U.S. soldiers of the Fourth Infantry Division play basketball at a U.S. army base in Tikrit, about 110 miles (180 kilometers) northwest of Baghdad September 11, 2003. REUTERS/Arko Datta

This year you're not going to get a more exciting or thought-provoking movie filled with memorable characters and dramatic events than More Than a Game. This film from hitherto unknown documentarian Kristopher Belman is a sports movie only in the sense that Errol Morris' The Fog of War is a war movie.

The six years Belman spent following, filming and editing interviews with a group of young players and their coach from Akron, Ohio, have yielded a rich story about the achievement of self-worth and friendship on a basketball court.

No doubt, the film will quickly become known as the LeBron James movie, since the NBA superstar, generally accepted as the game's best player at the moment, is one of the five kids who emerged from a town better known for manufacturing tires to splash their exploits across national sports pages. But his is only one of several intriguing subplots that carry this movie to a triumphant conclusion. The film looks to score with audiences who don't even care about basketball.

The Lionsgate release opens Friday in New York, Los Angeles, Cleveland and Akron.

In his third year of university undergraduate studies, Belman began following the city's already famous high school basketball team lead by the young phenom. Through fizzy family videos and photographs, he is able to fill in the events that lead up to the march by the team from St. Vincent-St. Mary's to the 2003 High School National Championship Game.

It starts in 1997 when Dru Joyce II agrees to coach his son's traveling youth basketball team. Dru Joyce III is so tiny he looks like the ball boy. Yet the point guard's ball handling skills and ability to hit long-range three-pointers is phenomenal. The other neighborhood kids include Willie McGee, staying with a brother after escaping a troubled home life in Chicago; Sian Cotton, who needs a scholarship if he wants to go to college; and a skinny kid named LeBron.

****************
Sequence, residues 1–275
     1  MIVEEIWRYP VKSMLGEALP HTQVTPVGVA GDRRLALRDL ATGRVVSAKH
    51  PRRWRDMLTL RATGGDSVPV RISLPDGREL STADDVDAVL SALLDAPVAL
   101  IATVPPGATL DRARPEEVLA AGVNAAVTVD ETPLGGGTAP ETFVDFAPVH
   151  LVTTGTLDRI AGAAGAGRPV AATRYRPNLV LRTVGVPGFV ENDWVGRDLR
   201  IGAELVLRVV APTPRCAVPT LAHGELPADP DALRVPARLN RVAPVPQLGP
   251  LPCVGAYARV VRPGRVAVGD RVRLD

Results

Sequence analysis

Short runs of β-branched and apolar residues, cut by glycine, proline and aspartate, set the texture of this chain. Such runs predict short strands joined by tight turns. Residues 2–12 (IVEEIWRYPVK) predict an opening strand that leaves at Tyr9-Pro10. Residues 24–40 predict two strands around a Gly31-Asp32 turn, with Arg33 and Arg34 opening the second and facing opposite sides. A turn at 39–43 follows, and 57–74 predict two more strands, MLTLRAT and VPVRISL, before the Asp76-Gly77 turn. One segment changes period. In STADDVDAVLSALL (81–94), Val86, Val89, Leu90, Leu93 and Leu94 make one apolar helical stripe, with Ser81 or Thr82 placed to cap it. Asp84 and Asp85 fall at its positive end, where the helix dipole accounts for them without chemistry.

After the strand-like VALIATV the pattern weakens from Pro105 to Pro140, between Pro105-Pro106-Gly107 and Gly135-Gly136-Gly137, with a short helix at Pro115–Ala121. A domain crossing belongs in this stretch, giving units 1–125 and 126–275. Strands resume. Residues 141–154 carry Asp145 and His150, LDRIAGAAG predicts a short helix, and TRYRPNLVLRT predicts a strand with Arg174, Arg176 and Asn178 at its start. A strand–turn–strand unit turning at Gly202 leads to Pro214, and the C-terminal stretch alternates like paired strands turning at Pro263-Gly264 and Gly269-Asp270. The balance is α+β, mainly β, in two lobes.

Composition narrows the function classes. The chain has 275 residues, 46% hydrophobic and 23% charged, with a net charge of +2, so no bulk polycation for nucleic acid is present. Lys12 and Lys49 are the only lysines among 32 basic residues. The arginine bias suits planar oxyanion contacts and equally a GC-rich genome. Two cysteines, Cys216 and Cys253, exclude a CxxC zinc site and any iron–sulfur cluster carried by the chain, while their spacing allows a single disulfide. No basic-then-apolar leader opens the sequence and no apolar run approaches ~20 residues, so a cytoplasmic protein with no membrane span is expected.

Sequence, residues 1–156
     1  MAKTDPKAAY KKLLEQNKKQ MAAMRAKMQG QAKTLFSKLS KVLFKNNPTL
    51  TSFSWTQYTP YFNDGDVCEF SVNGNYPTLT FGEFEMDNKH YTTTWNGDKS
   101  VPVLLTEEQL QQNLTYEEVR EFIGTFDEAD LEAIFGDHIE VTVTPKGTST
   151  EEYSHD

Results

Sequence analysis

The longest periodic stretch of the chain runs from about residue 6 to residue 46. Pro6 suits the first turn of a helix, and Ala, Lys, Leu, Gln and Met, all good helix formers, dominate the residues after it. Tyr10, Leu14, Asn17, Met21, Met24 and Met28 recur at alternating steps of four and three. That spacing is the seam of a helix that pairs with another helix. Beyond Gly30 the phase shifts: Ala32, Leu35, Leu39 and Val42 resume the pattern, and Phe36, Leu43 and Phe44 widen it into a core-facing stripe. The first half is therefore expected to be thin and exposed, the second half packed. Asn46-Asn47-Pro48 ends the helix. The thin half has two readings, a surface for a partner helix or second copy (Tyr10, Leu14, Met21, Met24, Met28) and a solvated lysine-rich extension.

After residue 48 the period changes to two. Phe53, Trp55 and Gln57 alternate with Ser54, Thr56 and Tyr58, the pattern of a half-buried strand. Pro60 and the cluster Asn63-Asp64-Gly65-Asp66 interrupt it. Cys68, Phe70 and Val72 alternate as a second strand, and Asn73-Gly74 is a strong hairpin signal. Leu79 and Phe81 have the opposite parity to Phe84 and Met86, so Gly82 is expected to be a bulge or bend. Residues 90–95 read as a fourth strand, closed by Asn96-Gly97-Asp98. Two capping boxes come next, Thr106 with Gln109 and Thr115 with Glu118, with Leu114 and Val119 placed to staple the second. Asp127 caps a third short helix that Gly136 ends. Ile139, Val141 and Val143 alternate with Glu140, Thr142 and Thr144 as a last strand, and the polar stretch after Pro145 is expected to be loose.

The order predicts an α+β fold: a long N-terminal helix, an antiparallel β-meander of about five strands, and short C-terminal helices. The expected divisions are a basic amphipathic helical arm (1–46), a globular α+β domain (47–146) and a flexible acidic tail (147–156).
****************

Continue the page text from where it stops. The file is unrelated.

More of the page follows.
The Fab Four as they dub themselves, beat everybody in sight, then travel to Florida to play in the AAU (11 and under) tournament. They lose but decide to stick together through high school. When it is clear that Dru, due to his size, doesn't stand a chance at an all-black school, the group chooses to play for a private, mostly white school, provoking hurt feelings in Akron's black community.

Dru's dad comes aboard as an assistant under the hard-driving white head coach Keith Dambrot. A 27-0 season is capped by a state championship in which the undersized point guard throws up seven consecutive three-pointers that hit nothing but net.

A second season brings distractions: Transfer student Romeo Travis is a selfish and perpetually angry loner, and James' growing celebrity threatens team cohesion. The coach's decision to accept a college job following the last game, thus reneging on a promise he made the four kids, leaves a feeling of betrayal.

The feeling vanishes when Coach Dru is offered the coaching job at SVSM. Trouble is, he is more of a football guy. He questions whether he can guide such a talented, now nationally recognized team. Over the next two seasons, things become increasingly dramatic, exciting and tense. Forces work to pull the Fighting Irish apart. McGee loses his starting job and Travis continues to be a distraction but not half as much as James does when he becomes the first amateur athlete to appear on the cover of Sports Illustrated in 36 years!

Belman neatly works in all the back stories of players and their families at the most telling moments throughout the film as he charts the ebb and flow of the team's fortunes. Indeed, the struggles of James (one of the film's exec producers) and his single mom aren't mentioned until late in the picture.

You can't script a better third act. And Belman (along with co-writer Brad Hogan) is astute enough to realize that the real action is not on the court. Coach Dru makes a comment that sums up the film's theme: His real job is not coaching a sport but helping his boys become men.

Belman clearly earned the team's trust so his access to one of the sport's biggest stories in the early century was unprecedented. In hooking up with Harvey Mason Media and Interscope Records, he had the money to give the final product the polish is richly deserves. This is one helluva good movie that craves the eyeballs of as many American high schoolers as it can possibly get.